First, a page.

Texas Lawmakers Look for the Cure to Fewer Doctors Taking Medicaid Patients

Mar 9, 2016

Pretty much everyone on Medicaid here in Texas receives care through a Medicaid Managed Care Program. It’s a big program serving the state’s most vulnerable populations, but there are some big problems. Mostly, there aren’t enough doctors taking part in the program to help serve these populations, and state lawmakers are trying to address that. 


As always, step one in finding a legislative solution is to hold a hearing. For this problem, that duty fell to the House Human Services Committee.

“Medicaid Managed Care, as you all know, is now a really big deal in the State of Texas and our job and part of what the speaker wants us to do is to make sure that we make this program as good as possible,” said Democratic Rep. Richard Raymond of Laredo, the committee’s chair.

According to the Texas Medical Association, in 2000 67 percent of physicians were willing to take in new Medicaid patients. In 2014, that number dropped to only 34 percent.

“Most kids in our state get care because of Medicaid. And, so, it’s a critical program from my perspective and for my patients,” said Dr. Ryan Van Ramshorst, a San Antonio pediatrician who testified before the committee.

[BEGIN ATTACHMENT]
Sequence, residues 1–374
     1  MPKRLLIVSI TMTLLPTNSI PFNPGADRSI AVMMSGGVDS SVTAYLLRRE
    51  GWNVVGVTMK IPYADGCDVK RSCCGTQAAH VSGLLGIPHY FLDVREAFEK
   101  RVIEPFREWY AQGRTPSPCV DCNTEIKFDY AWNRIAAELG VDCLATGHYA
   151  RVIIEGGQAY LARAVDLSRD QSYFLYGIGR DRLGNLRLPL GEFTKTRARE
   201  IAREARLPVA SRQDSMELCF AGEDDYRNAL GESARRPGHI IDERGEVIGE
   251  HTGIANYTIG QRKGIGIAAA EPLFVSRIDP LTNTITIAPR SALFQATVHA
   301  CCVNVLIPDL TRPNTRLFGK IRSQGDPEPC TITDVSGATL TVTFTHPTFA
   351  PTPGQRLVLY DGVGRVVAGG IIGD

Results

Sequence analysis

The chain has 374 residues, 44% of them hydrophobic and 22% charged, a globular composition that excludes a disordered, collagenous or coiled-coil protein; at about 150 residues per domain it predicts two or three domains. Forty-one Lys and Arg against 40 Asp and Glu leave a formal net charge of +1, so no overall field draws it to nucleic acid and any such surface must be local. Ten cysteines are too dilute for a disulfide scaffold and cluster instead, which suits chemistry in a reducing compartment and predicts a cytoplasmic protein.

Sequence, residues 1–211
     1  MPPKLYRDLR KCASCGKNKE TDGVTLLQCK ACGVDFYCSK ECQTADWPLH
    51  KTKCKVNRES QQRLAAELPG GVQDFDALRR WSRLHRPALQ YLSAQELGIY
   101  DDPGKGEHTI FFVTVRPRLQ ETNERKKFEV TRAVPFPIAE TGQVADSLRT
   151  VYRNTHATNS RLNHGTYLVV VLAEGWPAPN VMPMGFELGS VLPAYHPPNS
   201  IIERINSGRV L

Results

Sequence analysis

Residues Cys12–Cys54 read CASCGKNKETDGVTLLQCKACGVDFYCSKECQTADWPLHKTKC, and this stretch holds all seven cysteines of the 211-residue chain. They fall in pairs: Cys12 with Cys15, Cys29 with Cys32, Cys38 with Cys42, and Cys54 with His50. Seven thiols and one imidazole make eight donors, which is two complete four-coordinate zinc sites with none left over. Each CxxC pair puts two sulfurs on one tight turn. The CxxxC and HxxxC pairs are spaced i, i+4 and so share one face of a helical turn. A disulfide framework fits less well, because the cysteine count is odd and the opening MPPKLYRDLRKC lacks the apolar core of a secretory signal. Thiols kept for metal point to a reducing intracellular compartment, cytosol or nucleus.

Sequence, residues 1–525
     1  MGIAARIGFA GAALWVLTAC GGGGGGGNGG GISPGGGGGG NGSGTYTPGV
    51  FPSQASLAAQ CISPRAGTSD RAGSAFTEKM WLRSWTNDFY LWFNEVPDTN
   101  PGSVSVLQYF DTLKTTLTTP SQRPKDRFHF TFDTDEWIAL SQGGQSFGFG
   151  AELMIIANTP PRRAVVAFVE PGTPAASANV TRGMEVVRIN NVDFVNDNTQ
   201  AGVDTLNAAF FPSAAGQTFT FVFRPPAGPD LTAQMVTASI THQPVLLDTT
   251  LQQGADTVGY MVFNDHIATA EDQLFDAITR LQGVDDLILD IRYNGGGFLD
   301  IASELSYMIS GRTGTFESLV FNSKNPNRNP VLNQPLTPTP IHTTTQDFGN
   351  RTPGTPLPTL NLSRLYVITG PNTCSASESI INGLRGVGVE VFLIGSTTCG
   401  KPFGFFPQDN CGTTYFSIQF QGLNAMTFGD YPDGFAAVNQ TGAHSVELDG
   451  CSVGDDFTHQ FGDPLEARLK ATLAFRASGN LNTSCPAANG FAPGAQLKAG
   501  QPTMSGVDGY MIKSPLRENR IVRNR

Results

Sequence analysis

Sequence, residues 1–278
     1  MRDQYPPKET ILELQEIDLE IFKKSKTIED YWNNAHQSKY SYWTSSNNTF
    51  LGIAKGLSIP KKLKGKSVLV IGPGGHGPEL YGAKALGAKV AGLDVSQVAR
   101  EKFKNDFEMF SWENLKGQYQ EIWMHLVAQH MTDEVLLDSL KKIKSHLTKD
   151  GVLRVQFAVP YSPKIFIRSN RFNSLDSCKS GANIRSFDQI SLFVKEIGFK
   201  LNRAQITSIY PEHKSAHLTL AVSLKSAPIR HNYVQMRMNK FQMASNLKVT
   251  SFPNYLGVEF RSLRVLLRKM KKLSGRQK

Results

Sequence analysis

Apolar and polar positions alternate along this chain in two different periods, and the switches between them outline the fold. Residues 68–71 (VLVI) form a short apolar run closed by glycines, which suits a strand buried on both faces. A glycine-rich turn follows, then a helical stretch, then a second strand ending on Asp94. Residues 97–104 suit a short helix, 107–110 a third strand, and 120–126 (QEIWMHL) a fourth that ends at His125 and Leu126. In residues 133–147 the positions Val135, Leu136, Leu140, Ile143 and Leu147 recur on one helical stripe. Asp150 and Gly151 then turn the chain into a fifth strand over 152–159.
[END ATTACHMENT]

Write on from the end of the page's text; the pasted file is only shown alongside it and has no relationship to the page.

He says he’s proud to serve Medicaid patients in his community, but Van Ramshorst says the state needs to make getting more doctors to take part in the program a priority. One way to do that, he says, is to pay doctors more for taking those patients.

“We know that Medicaid pays roughly 70 percent of Medicare rates. I have friends that are practicing in San Antonio that either cap their Medicaid population or they don’t take them at all. And, as a pediatrician, I want these kids to be taken care of,” he says.

The program serves more than just the state’s kids. Nursing home and long-term care patients, as well as people with disabilities are also part of managed care. Dennis Borel with the Coalition of Texans with Disabilities told lawmakers they need to revisit the issue of how much they are paying doctors. He says the limits the Legislature set last year aren’t sufficient for the years to come.

“There’s been an erosion of 30 percent of that pay since its high-water mark, so we are way, way behind,” Borel said.

Lawmakers say they’re committed to improving the state’s delivery of health care to the state’s Medicaid population. Last year, the state Legislature passed a bill aimed at holding the insurance companies that run the Medicaid Managed Care program accountable for their network of health care providers.

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